Strip mining is a controversial practice owing to the fact that it affects topography, vegetation and water resources. Although it is subject to state and federal reclamation requirements, the adequacy of such requirements is a frequent source of contention.
1. It is hazardous to human health
In the study by researchers from West Virginia University (which was mentioned above), surface mining is linked with cancer. But that study isn’t the only one to point out health-related issues stemming from this kind of mining. In an Al Jazeera America article, it is stated that the study “…follows two-dozen peer-reviewed health studies that have documented the high rates of birth defects, heart disease and cancer in communities that face the fallout of millions of pounds of mining explosives, silica dust and pulverized heavy metals in waterways.”
The United Mine Workers of America have also voiced dissent on the use of human sewage sludge to reclaim surface mining sites in Appalachia. The group launched their campaign back in 1999 after eight workers took ill after exposure to Class B sludge near their workplace.
2. It is harmful to the environment
In 2010, a study was published in the journal Science revealing that mountaintop mining has resulted in several environmental problems, and that mitigation practices have not been successfully addressed. For instance, permanent loss of ecosystems results from when valley fills frequently bury headwater streams. Also, several endangered species have been threatened and has resulted in loss of biodiversity because of the destruction of large portions of deciduous forests.
In an Al Jazeera article called Mountaintop removal mining is a crime against Appalachia, writer Jeff Biggers relates that locals have witnessed “the death of their landscape as a precursor to the death of their own communities.” Matoaka and Montcalm in Mercer County, West Virginia were once booming coal mining towns. They were covered in trees and local fauna. Now, they are barren and unrecognizable.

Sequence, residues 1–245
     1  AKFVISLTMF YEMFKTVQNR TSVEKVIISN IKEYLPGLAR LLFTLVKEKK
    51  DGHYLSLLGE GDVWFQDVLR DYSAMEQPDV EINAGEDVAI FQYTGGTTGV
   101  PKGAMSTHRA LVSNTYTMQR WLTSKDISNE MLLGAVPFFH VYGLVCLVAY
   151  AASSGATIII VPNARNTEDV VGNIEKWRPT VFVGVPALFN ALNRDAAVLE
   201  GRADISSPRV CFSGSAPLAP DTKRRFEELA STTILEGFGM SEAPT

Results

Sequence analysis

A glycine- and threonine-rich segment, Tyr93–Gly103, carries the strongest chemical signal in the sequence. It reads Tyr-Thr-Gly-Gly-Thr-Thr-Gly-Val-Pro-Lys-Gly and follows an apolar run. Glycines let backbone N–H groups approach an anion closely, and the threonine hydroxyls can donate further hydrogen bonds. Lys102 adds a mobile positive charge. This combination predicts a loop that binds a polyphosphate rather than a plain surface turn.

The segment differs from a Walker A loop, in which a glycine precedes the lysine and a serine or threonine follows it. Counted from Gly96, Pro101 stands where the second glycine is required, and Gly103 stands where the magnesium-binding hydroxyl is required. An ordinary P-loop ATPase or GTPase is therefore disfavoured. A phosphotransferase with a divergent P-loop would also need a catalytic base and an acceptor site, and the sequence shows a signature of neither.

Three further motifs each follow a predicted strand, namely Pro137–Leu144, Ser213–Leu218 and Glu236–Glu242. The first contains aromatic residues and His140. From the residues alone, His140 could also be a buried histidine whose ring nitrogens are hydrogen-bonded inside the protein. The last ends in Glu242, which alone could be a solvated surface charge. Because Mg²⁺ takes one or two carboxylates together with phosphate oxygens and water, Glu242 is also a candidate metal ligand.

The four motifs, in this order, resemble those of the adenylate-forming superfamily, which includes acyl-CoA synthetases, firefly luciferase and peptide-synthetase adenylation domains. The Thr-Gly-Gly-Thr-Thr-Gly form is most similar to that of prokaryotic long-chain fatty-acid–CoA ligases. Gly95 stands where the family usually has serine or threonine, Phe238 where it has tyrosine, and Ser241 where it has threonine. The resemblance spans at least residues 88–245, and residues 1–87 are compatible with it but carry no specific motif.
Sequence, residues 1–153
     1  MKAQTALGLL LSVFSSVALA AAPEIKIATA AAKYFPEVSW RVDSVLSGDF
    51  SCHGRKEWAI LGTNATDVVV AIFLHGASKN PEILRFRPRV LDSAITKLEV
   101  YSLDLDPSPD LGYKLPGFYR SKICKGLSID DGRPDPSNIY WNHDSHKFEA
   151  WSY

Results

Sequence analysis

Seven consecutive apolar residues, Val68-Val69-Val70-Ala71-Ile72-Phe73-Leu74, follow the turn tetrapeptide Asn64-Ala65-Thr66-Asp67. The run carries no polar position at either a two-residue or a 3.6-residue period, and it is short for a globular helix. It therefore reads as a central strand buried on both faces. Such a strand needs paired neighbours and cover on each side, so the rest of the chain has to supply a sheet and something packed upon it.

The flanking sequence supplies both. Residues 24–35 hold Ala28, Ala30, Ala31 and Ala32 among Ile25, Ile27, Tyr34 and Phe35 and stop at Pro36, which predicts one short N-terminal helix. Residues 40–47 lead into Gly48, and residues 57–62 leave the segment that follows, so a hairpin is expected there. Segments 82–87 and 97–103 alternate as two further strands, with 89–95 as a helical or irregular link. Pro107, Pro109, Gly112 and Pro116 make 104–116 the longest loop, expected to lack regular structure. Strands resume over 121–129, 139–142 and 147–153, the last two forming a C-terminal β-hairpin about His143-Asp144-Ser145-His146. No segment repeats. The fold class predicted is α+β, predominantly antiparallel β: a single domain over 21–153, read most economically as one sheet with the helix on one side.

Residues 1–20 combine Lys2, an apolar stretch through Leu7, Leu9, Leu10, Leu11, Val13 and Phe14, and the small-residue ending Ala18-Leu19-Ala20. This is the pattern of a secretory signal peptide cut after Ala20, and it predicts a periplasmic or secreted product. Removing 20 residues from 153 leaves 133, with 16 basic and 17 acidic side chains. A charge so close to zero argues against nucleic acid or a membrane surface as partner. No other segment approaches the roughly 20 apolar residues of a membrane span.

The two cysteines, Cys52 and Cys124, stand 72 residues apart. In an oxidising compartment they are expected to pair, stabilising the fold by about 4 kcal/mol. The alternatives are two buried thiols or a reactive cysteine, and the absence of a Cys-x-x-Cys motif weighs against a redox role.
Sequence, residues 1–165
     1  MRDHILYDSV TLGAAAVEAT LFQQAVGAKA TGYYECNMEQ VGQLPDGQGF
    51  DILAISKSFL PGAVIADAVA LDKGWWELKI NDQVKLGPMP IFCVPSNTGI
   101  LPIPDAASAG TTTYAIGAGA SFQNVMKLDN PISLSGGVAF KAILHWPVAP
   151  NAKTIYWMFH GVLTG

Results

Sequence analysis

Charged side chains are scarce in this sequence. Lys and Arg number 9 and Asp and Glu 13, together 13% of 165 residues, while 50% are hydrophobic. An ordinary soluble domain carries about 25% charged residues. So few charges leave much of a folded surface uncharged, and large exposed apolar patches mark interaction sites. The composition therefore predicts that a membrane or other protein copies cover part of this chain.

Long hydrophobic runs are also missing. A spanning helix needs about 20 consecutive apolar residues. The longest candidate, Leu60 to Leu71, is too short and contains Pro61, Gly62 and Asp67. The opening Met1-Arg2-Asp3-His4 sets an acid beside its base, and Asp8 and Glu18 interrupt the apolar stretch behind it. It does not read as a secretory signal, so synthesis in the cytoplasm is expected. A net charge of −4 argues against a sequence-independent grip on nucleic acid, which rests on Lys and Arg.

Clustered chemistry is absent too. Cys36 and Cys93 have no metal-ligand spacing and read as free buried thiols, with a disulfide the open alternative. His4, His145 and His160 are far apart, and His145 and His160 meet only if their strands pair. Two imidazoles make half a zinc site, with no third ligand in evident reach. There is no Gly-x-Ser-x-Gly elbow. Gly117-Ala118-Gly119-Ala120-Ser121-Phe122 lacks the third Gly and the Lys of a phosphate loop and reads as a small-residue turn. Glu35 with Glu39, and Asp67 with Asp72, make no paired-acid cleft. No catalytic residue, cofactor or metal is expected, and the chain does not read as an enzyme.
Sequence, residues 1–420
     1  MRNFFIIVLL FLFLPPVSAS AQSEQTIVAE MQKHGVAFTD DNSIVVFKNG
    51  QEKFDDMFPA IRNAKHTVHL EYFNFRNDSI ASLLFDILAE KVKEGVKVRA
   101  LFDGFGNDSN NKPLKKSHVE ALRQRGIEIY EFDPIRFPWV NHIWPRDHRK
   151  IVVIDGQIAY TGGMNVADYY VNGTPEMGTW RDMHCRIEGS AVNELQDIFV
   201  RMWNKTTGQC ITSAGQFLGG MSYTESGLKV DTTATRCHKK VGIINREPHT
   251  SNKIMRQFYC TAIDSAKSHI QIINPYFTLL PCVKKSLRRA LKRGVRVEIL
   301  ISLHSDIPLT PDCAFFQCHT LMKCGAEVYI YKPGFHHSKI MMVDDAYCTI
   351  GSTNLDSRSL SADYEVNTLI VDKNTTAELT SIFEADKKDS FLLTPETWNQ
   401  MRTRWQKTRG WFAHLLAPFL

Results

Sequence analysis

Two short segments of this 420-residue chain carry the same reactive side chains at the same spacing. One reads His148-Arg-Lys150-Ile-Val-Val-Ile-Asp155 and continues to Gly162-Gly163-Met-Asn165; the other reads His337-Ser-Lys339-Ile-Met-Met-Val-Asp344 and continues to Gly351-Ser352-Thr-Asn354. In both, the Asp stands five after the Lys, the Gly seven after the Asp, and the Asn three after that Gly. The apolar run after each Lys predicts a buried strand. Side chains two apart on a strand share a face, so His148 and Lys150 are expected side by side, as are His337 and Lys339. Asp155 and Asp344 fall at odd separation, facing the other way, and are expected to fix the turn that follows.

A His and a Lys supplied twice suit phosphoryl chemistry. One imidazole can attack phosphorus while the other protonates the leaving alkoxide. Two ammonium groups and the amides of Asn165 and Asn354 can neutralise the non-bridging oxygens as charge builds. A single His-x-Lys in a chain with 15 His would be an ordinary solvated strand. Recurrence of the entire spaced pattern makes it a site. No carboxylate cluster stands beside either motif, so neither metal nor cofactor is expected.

Although companies are required to reclaim the land they perform strip mining on, it’s not straight away where the ecosystems regain equilibrium. You don’t just remove a bunch of trees one day, plant new seeds in their stead and hope that tomorrow it will grow into a tall, majestic thing of nature. And that’s when things are done right. But what if the reclamation project was so shoddily done? That would cause more problems like making the area vulnerable to erosion and flooding. In other words: it puts communities at an even riskier situation.
That’s not all though. Nearby water sources can become contaminated due to the dumping of excavated material, as well as from the use of extraction solvents. Strip mining also releases toxins and dust in the air resulting in poorly controlled contamination.
Natalie Regoli, Esq. is the author of this post and the editor-in-chief of our blog. She received her B.A. in Economics from the University of Washington and her Masters in Law from The University of Texas School of Law. In addition to being a seasoned writer, Natalie has almost two decades of experience as a lawyer and banker. She is a child of God, devoted wife, and mother of two boys. If you would like to reach out to contact Natalie, then go here to send her a message.